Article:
Thursday 12 November 2020

The back-up plan: "Nova Lituania"

If you're anything like me, you won't have given a moment's thought to what life was like in Lithuania in the late 1930s. Luckily, Karolis Kaupinis's Nova Lituania is here to fill us in. This is an odd little film - shot in era-appropriate black-and-white, in the Academy ratio - about a literally outlandish plan to shore up the country's foundering national identity once and for all; Western viewers may be reminded in its early stages of certain Ealing comedies, but Kaupinis insists on presenting a quirk of history with the straightest of faces. We open in 1938, with the state in crisis: Nazi Germany is on the march, opening up the possibility of an invasion via neighbouring Poland, and stressed PM Jonas Servus (Vaidotas Martinaitis) is suffering funny turns that leave everybody feeling doubly insecure. Enter geography lecturer Feliksas Gruodis (Aleksas Kazanavicius), who strides into the corridors of power with an unusual proposal: a back-up Lithuania, located somewhere in Africa, to which assets and key individuals might be transferred or smuggled in the event of an enemy breach. One of the film's eccentricities is that Kaupinis withholds specific details of the plan, so the option of roadtesting it or enacting it as some jolly, Passport to Pimlico-like wheeze is never on the table. Instead, he shows us meetings and meetings about meetings, where men with furrowed brows are set to ponder whether to move forward with the Gruodis proposition: it's a narrative that gets stuck in committee, entirely limiting its impact. One consolation is that it's handsome viewing, taking care to pull its officials outdoors every now and again so as to show off the Lithuanian coast, and what the home of a Lithuanian university lecturer looked like back in 1938. (University lecturers of 2020 will be envious, I suspect.) And it's enlightening up to a point: I can now say I spent a full 95 minutes contemplating what Lithuania must have been like in the late 1930s. As drama, however, it's so insistently minor key as to seem almost wholly anecdotal. Have we in the West been spoiled by a century's worth of big-picture period pieces, or is it just the case that smaller countries are bound to produce smaller histories?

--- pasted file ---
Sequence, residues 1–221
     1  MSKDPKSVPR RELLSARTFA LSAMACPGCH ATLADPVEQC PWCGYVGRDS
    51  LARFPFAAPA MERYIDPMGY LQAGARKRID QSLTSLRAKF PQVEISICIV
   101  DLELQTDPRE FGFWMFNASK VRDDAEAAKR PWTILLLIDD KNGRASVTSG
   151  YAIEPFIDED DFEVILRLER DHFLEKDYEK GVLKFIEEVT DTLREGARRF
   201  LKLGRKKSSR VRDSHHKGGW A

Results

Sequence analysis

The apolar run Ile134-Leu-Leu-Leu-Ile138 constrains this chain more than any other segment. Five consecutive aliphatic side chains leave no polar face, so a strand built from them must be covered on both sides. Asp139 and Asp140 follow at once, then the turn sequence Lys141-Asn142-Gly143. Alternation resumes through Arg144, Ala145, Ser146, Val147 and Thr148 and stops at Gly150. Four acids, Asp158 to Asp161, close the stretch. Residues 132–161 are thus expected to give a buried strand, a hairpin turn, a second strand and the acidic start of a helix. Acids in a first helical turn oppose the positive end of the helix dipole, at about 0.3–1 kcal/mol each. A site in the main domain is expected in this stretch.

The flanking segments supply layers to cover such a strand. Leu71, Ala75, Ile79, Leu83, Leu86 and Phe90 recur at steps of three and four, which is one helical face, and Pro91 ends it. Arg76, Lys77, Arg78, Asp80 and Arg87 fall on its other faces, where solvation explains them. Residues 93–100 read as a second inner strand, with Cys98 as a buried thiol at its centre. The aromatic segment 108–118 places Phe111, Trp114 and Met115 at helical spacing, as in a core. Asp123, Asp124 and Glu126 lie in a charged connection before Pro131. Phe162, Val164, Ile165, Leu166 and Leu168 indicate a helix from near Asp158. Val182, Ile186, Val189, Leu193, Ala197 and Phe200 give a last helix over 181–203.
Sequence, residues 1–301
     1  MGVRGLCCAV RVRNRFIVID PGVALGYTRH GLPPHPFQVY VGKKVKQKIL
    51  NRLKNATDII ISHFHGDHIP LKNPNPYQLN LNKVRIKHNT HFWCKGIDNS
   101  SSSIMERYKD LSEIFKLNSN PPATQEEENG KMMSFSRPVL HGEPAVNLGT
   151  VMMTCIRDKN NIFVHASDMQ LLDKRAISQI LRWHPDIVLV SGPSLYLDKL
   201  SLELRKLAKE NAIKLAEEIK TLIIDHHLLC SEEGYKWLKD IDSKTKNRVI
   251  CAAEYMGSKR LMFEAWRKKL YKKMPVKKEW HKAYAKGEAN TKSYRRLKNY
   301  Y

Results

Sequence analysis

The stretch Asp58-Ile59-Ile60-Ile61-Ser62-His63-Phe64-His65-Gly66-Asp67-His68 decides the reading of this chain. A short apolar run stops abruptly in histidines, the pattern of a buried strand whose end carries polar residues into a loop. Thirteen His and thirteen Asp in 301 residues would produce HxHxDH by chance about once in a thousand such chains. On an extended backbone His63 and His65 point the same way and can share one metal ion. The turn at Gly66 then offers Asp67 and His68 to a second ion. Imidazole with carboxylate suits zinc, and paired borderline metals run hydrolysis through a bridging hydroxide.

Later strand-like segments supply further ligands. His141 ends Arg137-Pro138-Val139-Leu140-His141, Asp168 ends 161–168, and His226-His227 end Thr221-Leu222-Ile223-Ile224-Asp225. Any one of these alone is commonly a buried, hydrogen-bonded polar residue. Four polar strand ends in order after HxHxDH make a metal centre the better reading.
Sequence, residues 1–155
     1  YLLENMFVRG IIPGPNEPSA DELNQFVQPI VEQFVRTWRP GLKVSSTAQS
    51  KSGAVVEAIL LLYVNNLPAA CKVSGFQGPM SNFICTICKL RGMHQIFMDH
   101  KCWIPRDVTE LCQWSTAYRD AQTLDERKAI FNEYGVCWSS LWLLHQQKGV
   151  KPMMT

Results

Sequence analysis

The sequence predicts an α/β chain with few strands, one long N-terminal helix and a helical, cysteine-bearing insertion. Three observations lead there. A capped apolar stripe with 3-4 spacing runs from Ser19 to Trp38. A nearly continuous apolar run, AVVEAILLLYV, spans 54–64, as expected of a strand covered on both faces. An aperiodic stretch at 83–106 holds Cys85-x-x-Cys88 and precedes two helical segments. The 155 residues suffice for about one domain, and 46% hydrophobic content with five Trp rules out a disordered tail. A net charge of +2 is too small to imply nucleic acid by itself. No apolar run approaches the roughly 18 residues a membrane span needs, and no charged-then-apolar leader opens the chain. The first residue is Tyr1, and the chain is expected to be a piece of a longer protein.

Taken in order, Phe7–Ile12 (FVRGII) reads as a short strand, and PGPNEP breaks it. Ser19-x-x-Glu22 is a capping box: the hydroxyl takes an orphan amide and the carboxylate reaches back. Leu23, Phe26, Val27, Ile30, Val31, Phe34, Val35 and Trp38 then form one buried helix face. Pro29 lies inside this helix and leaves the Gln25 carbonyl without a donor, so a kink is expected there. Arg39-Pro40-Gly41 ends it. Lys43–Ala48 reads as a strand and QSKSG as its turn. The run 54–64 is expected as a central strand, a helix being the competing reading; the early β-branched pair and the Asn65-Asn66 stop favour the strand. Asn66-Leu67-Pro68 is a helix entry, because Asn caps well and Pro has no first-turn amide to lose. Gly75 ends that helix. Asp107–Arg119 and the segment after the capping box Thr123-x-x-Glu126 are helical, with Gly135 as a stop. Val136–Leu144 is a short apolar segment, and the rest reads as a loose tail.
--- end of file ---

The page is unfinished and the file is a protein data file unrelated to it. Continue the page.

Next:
Nova Lituania is now streaming via MUBI UK. 

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